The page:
….   Damia’s Children. sequel to Damia. NY:  Ace/ Putnam, 1993.

    ….   Lyon’s Pride. sequel to Damia’s Children. NY:  Ace/ Putnam, 1994.

    ….   The tower and the hive. sequel to Lyon’s Pride. NY:  Ace/ Putnam, 1999.

McCaffrey, Anne and Elizabeth Moon. SassinakVolume one of the Planet Pirates. NY: Baen 

            books, 1990.

            Generation Warriors. NY: Baen Books, 1991. (last book in her Sassinak/ Planet Pirates

                         series. I can’t find the rest.)

Putney, Mary Jo. The bartered bride. NY: Balantine Books, 2002.

Quinn, Julia. How to marry a marquis.  NY: Avon/ HarperCollins, 1999. 

   ….    First comes scandal. NY: HarperCollins, 2020.

Schwab, V.E.  The invisible life of Addie LaRue. NY: Gale/ Thorndike large type, 2020.

Smith, Alexander McCall. How to raise an Elephant, a No. 1 Ladies’ Detective Agency novel. 

            NY: Pantheon Books/ Penguin Random House, Great Britain: Little Brown, 2020.

Sutanto, Jesse. Dial A for Aunties. NY: Berkley/ Penguin Random, 2021.

Tevis, Walter. The Queen’s Gambit. NY: Vintage books/ Random House, 1983.

            (heavy with chess movements – made into a streaming series)

Thomas, Will. Some danger involved, a novel. NY: Simon & Schuster, 2004.

            (The first Barker and Llewelyn mystery)

    ….   To Kingdom Come. NY: Simon & Schuster, 2005.

    ….   The Limehouse Text. NY: Simon & Schuster, 2006.

    ….   The Hellfire conspiracy, a Barker & Llewelyn novel. NY: Simon & Schuster, 2007.

    ….   The Black Hand. a Barker & Llewelyn novel. NY: Simon & Schuster, 2008.

    ….   Fatal Enquirya Barker & Llewelyn novel. NY: Minotaur books/ St. Martin’s Press, 

            2014.

    ….   Anatomy of Evil. a Barker & Llewelyn novel. NY: Minotaur books/ St. Martin’s Press,

             2015.  (based on the search for Jack the Ripper, discovering the actual Ripper.)

    ….   Hellbaya Barker & Llewelyn novel.  NY: Minotaur books/ St. Martin’s Press, 2016.

    ….   Old Scoresa Barker & Llewelyn novel.  NY: Minotaur books/ St. Martin’s Press, 2017.

    ….   Blood is Blood. a Barker & Llewelyn novel.  NY: Minotaur books/ St. Martin’s Press,

             2018.

    ….   Lethal Pursuit. a Barker & Llewelyn novel.  NY: Minotaur books/ St. Martin’s Press,

             2019.

    ….   Dance with death, a Barker & Llewelyn novel.  NY: Minotaur books/ St. Martin’s Press,

             2021.

Winspear, Jacqueline. The consequences of fear. NY: Harper, 2021.

 

ADULT BIOGRAPHY

B-Bly              Goodman, Matthew. Eighty Days – Nellie Bly and Elizabeth Bisland’s history-

            making race around the world. NY: Ballantine books/ Random House, 2013.

                        (This was my introduction to the fact that two women raced)

B-Bly              Kroeger, Brooke. Nellie Bly, daredevil, reporter, feminist. NY: Times books/

             /Random House, 1994.  (very readable, also very thick – 400 pages or so)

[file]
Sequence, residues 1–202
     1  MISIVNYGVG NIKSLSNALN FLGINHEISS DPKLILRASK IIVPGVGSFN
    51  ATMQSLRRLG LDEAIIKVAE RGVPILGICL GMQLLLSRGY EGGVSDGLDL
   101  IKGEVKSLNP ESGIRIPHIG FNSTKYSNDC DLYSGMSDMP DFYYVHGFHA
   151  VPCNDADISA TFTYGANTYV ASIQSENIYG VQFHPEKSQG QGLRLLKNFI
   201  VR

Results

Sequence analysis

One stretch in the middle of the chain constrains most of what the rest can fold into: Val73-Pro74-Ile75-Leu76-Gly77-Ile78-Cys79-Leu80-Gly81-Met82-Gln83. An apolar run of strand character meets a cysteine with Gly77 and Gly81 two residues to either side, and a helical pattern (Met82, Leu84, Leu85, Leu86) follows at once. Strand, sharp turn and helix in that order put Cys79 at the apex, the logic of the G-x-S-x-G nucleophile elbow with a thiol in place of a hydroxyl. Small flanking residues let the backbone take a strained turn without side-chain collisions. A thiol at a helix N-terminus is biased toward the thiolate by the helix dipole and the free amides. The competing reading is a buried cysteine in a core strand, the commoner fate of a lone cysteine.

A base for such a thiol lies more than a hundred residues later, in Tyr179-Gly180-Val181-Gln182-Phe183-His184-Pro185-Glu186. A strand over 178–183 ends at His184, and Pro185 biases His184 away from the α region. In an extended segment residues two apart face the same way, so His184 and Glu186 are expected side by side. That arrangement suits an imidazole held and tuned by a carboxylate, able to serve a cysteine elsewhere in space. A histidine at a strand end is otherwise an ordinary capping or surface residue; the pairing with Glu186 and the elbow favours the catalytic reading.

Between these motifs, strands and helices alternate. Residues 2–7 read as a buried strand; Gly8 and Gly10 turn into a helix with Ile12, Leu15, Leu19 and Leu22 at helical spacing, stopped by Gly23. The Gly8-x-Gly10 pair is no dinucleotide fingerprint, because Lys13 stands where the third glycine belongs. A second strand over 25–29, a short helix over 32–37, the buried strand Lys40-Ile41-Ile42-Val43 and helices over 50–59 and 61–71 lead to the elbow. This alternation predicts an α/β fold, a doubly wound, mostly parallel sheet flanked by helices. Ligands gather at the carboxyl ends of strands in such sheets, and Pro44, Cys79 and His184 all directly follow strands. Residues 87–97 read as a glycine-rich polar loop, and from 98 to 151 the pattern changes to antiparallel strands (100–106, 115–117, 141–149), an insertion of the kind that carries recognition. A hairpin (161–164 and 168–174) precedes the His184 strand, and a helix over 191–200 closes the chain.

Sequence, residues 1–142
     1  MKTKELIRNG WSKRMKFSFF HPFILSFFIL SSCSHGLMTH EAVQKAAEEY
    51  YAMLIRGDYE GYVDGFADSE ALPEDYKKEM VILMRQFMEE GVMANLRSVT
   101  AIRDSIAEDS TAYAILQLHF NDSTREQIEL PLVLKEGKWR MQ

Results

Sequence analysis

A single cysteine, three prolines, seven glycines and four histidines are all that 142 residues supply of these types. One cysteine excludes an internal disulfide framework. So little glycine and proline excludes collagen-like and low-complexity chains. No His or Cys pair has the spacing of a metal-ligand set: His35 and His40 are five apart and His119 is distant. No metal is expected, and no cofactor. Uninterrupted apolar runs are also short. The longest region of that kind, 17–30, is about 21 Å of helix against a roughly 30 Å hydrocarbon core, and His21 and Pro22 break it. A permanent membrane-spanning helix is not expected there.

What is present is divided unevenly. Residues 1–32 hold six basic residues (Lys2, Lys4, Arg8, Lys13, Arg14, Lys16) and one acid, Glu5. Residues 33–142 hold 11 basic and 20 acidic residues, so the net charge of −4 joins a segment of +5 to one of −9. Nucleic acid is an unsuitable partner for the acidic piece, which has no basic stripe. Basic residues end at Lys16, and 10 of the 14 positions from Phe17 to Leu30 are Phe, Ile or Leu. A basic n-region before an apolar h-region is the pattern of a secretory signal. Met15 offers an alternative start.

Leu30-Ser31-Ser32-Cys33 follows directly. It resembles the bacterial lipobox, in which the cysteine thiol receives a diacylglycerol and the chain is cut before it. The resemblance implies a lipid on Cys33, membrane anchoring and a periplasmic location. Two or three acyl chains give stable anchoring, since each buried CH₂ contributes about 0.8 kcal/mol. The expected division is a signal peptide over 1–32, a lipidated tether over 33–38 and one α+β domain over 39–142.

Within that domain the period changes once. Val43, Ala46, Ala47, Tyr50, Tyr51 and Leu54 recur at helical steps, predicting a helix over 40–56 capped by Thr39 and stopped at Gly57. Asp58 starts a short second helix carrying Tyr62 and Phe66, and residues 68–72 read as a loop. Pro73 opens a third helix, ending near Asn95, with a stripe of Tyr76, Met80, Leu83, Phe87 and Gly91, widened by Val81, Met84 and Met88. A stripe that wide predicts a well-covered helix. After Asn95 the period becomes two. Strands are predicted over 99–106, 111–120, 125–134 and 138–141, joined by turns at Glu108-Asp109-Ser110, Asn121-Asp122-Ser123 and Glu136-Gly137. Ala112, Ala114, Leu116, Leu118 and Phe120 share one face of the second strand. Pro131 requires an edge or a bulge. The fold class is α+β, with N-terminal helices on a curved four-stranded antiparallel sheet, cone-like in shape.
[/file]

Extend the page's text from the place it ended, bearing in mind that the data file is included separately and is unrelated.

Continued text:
B- Broom        Broom, Sarah M. The yellow house. NY: Grove Press, 2019. (autobiography) 

B-Fitzhugh.     Brody, Leslie. Sometimes you have to lie, the life and times of Louise Fitzhugh,

             renegade author of Harriet The Spy. NY:  Seal Press, 2020.  

                        (Lesbian life as we never knew it.)

B-Fox              Fox, Michael J. A funny thing happened on the way to the future, twists and turns

             and lessons learned.  NY:  Hyperion, 2010.

B-Fox              Fox, Michael J. No time like the future, an optimist considers mortality. NY:

            Flatiron Books, 2020.

B- Packard.     Moore, Kate. The woman they could not silence – one woman, her incredible fight 

            for freedom, and the men who tried to make her disappear.  Napperville, IL: 

            Sourcebooks, 2021. (she helped pass laws against men putting outspoken women in

             mental institutions and exposed the horrible treatment therein.)

B- Priestley       Johnson, Steven. The Invention of Air – a story of science, faith, revolution, and

             the birth of America. NY: Riverhead books/ Penguin, 2008. 

B- Takei          Takei, George. To the Stars – the autobiography of George Takei, Star Trek’s 

            Mr. Sulu. NY: Pocket books, 1994.  

            (the first chapters of this are used in the Graphic Novel.)

GN B-Takei    Takei, George and Justin Eisinger and Steven Scott. Illus. Harmony Becker.

            They called us enemy.    San Diego: Top Shelf, 2020.   

            (San Diego Library 2020 ONE BOOK of the childhood of the actor

             who portrayed the much loved Captain Sulu of the original TV show, StarTrek)

B-Washington             Shirley, Craig. Mary Ball Washington, the untold story of George

             Washington’s mother.  NY: Harper, 2019.  

            (is actually a bio of George Washington with occasional mentions of his mother)

B-Washington             Saxton, Martha. The widow Washington, the life of Mary Washington.

            NY: Farrar, Straus and Giroux, 2019. (highly praised as the best book about her)

B-Washington             Coe, Alexis. You never forget your first, a biography of George 

            Washington.  NY: Viking/ Penguin Random 2020. 

            (So much better, much more readable, much more interesting than Shirley’s)

 

 

ADULT NONFICTION

 

            

070.92             Bly, Nellie. Around the World in Seventy-two Days and other Writings

            NY: Penguin Classics, 1890/ 2014.

302.231           Stephens-Davidowitz, Seth. Everybody lies – big data, new data, and what the

             internet can tell us about who we really are. NY: Day St/ William Morrow, 2017.

306.512           Wilkerson, Isabel. Caste – the origins of our discontents. NY: Random House, 

            2020. (compares caste in India to the black and white division in the USA) 

324.2734         Benen, Steve, The Imposters, how Republicans quit governing and seized 

            American Politics. NY: William Morrow/ HarperCollins, 2020. 

324.2734         Stevens, Stuart. It was all a Lie, how the Republican party became Donald

             Trump.  NY: Alfred Knopf, 2020.